The European new car market is booming, with the first six months of 2018 representing the best half-year performance of the century. Figures released by JATO reveals there were 8.66 million cars registered between January and June, a year on year increase of 2.7 percent, with SUV sales up a very healthy 24 percent.
Here, we run down through the top 25 in reverse order.
25. Audi A3 – 84,171 registrations
The Audi A3 creeps into the top 25, although year on year sales are down 7 percent. “It was certainly a good first half for the European market and this is due to the choice that consumers now have,” said Felipe Munoz, JATO’s global analyst.
“Car makers continue to update and modernise their traditional models, while the range of SUVs on offer continues to grow and appeal to all kinds of budgets and needs.”
24. Ford Kuga – 86,794
Contrast the A3’s decline with the 11 percent increase recorded by the Ford Kuga compact SUV. Not bad for a vehicle even Ford describes as “ageing”.
There were 2.92 million SUVs registered in the first half of the year, making it the best-ever performance for the segment in Europe. Not only did SUV sales grow 24 percent in the first six months, they also rose a healthy 30 percent in June.
23. Peugeot 308 – 89,025
The Peugeot 308 is down 4 percent, another conventional family car buyer are shunning in favour of SUVs: contrast with the performance of its 3008 sister car, which you’ll find many more places into this top 25.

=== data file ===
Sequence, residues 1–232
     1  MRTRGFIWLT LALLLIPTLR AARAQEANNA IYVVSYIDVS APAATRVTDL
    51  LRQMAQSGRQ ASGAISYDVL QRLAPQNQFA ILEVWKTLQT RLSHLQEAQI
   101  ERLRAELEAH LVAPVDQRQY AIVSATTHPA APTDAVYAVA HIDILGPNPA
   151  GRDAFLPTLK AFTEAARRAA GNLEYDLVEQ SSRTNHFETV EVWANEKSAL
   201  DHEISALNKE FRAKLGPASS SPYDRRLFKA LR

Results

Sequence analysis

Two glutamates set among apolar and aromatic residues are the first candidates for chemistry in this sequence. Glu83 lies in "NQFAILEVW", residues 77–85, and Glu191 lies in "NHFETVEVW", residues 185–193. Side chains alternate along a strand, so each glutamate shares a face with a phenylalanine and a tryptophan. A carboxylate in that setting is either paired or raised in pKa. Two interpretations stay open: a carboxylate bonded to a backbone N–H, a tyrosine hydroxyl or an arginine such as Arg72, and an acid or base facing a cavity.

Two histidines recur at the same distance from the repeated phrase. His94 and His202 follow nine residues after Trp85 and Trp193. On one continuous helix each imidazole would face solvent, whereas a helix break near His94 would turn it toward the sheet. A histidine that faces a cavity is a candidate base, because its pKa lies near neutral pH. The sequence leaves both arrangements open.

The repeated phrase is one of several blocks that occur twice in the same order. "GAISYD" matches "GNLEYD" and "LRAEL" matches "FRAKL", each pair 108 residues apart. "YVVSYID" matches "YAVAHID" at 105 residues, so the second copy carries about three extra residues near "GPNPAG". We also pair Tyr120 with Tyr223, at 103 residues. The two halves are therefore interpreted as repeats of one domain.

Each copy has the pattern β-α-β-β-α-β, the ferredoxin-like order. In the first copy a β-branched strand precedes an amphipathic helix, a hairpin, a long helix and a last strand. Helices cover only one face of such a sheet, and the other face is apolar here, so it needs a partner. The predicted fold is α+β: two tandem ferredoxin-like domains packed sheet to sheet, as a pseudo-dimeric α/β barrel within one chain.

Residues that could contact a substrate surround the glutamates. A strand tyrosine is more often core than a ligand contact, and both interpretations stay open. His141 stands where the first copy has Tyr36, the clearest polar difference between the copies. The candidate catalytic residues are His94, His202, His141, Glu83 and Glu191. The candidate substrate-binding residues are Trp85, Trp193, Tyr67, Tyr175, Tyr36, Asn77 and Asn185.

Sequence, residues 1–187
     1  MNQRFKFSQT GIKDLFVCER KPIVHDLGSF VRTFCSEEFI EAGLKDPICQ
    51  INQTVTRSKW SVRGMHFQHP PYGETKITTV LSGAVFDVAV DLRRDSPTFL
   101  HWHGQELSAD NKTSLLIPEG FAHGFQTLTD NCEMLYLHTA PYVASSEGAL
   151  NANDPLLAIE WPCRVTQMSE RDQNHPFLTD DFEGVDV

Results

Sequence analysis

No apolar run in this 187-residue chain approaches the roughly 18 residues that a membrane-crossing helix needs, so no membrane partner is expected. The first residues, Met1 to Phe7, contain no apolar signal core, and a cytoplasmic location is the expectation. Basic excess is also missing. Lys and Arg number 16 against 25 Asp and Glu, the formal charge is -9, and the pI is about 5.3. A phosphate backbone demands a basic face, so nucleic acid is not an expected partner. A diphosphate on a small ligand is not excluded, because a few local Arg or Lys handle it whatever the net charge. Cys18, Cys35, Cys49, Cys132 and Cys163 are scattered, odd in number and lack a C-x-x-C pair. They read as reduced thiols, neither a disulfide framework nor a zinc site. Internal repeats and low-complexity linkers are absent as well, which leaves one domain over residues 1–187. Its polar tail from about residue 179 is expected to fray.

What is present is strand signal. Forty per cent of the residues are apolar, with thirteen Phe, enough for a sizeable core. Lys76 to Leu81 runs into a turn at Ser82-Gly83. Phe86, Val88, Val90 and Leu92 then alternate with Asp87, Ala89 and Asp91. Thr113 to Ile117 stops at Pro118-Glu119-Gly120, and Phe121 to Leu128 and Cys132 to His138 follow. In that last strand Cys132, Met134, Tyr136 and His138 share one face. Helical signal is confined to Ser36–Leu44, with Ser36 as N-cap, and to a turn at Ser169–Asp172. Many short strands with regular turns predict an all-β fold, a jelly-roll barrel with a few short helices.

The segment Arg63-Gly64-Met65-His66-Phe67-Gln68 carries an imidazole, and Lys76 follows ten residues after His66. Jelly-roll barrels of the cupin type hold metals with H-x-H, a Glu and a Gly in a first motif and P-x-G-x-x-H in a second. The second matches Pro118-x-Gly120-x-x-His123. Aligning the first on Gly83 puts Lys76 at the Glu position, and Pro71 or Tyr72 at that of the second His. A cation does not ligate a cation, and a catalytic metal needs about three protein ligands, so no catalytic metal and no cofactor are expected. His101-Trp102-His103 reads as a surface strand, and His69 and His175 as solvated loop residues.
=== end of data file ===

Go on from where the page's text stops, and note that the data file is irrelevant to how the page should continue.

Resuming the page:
On the subject of diesel, Felipe Munoz said: “The diesel crisis certainly affected the speed of growth in the market, but consumers are overcoming this by turning to more attractive petrol and AFV (alternative fuel vehicle) solutions.”
22. Vauxhall Astra – 89,938
Vauxhall and the PSA Group might want to look away now, because Astra sales are down a massive 33 percent – the largest slump in the top 25.
To rub salt into the wound, JATO has listed the market share ‘winners and losers’, with four of the five cars wearing a Vauxhall/Opel badge. The Astra, Corsa, Meriva and Mokka join the Yeti, which is excused by virtue of the fact that it’s now extinct.
21. Fiat Panda – 91,592
Despite launching seven years ago, the Fiat Panda remains incredibly popular in its native Italy, but this isn’t enough to halt a 17 percent slump in the first half of the year. Overall, the FCA Group is listed by JATO as one of the market share ‘losers’ in 2018.
20. Volkswagen Passat – 93,252
The Volkswagen Passat flies the flag for the saloon car, although registrations are down 2 percent. Not that Volkswagen will be too concerned, as SUV sales make it a first-half winner.